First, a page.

Bridging gently encourages and challenges us to reach new conclusions about the people in our neighborhood, about us.  And it has provided a group of University of Oregon students an opportunity to experiment with how shared experiences and collaborations can be kindled and the possibility of inviting people to feel a sense of belonging.


Kristin Calhoun, Public Art Manager of the Regional Arts and Culture Council, commented,


The work is an open-ended invitation for people to come together and relate to each other on a very basic human level- sharing a meal together. I am looking forward to seeing and experiencing the work in the various locations and seeing how the stories unfold. That is part of the magic of putting work out into the public to me, seeing how it is received, used & interpreted by the broadest possible audience.


Speaking more towards how this project melds into the intentions of the UO School of Architecture and Allied Arts, administrative director of the UO AAA in Portland, Kate  Wagle lucidly articulates,


Bridging embodies the highest and best values of UO’s School of Architecture and Allied Arts. Intellectual speculation, hands-on experimentation, and open-ended social activism, applied in the service of ‘making good’, ideas, conversations and experiences in the context of real community.


This last week, protestors once again gathered in downtown Portland to bring attention to the Occupy movement, and the city was reminded of the importance of community, and the power of community.  As the waterfront of Portland was dotted with protestors, some of them masked, and mounted police stood by ready to subdue these contemporary insurgents, Bridging took on a new meaning.  Rather than such collisions of politics and people, of police and protestor, are there ways we can offer a better incubator to solutions by tolerance and diversity being invited to sit at the same table?  We have Portland—and this remarkable Creative Corridor—within which contains the components of a vital urban future—from the wandering nomadic-like unhomed, to the struggling recession-emerging businesses to economically vibrant shops, restaurants, world-renown places of creativity and innovation and the thriving intellectual university and college environment –all prevail along our streets effectively bringing us together. Sit at the table of Bridging and talk to your neighbor…. from unexpected collaborations, to unpredicted connections: so much is possible.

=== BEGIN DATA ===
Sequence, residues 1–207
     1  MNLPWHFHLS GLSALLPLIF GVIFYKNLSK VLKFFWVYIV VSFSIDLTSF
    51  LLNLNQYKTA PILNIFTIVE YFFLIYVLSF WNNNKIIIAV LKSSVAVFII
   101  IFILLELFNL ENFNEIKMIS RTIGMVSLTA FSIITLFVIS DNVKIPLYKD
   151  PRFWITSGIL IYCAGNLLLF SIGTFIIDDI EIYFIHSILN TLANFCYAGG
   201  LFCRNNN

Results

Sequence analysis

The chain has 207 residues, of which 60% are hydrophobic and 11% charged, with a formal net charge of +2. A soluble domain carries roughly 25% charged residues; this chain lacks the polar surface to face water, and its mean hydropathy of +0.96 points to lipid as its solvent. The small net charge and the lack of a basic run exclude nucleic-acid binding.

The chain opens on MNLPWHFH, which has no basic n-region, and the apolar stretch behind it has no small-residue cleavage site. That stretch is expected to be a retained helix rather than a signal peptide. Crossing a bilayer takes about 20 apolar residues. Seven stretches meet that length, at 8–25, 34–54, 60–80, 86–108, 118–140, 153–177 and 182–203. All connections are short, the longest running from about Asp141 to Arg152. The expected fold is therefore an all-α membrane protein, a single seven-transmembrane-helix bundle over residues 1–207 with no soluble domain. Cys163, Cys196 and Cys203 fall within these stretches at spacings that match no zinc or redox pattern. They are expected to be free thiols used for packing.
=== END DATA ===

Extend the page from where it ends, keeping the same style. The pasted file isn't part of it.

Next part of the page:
In the timeless words of American singer-songwriter, folk musician, Woody Guthrie, “this land is your land, this land is my land.”  Please take a moment to stop by Bridging and take your place at the table; because it is yours and it is mine, and we should all be talking.


[Bridging is installed in through the Regional Arts & Culture Council’s in situ PORTLAND which seeks to place challenging temporary works in public that will serve as a catalyst for dialogue about art and/or contemporary issues.]



Students involved in this project and their original project titles that culminated in Bridging, are:

Adaptable Interaction, Jesse Alvizar and Natalie Cregar
Enlightening Celebration, Vijayeta Davda and Sermin Yesilada
Philanthropy Mapping, Tina Wong
Framing Experience, Grace Aaraj and Charley Danner
Translucent Outreach, Wilfredo Sanchez
Visual Permeability, Srivarshini Balaji and Timothy Niou
Integrative Filter, Oliver Brandt and Hanna Lirman
Cognitive Exposure, Haley Blanco and Jenna Pairolero
Acoustic Interweaving, Eli Rosenwasser and Henry Smith


Place Branding of Public Service pdf available here.



Lead Pencil Studio and Portland's Inversion: Plus Minus Public Art Project with Annie Han and Daniel Mihalyo

Inversion: Plus Minus | “Looking Through the Past Into the Present”

This is a story about art.  About public art — a public installation of grand, yet grounded proportions.  It is a story of architecture.  Of science and of history.  Of a way of looking at an environment and a landscape with a poetic understanding.  Of blending inspiration, appreciation, and idea with the realities of weather, structure, and observation and of seeing grace and beauty in the forgotten and the abandoned– in a cityscape of low-profile commercialism, traffic rushing to destinations elsewhere, and the utilitarian harshness of streets dominated by warehousing.  It is also about what is left when something is gone as a place evolves through time.  And it is about connecting to people, their sense of place and their capacity for appreciation.


It is about Inversion: Plus Minus, the filigree-like corten steel structures that now rise up to define the eastern finishing point of Portland’s Hawthorne Bridge.  Conceived of, designed, and built by Seattle-based Lead Pencil Studio’s artist-architects, Annie Han and Daniel Mihalyo (both are UO Department of Architecture alumni), the installation is a public art project administered by the Regional Arts and Culture Council and part of the city’s 2% for Art ordinance and Portland Streetcar’s expansion to the central eastside..

Inversion: Plus Minus sits comfortably within the ethos and reputation of oeuvre recognized and accomplished by Seattle’s Lead Pencil Studio—a studio renowned for the blending of art and architecture or as UO architecture professor Howard Davis explains, a “blending of the intellectual experience of art with the physical | visceral experience of a building.”  Which, is, indeed the initial step to observing and understanding these structures:  Davis, continues, “that physical experience (as a work of architecture) is tactile, haptic, temporal, environmental; and because it at the same time defies architectural expectations (as a work of art) it provokes thought about the idea of building itself.  Art becomes architecture, and architecture becomes art….the installation [Inversion: Plus Minus] clearly does this splendidly.”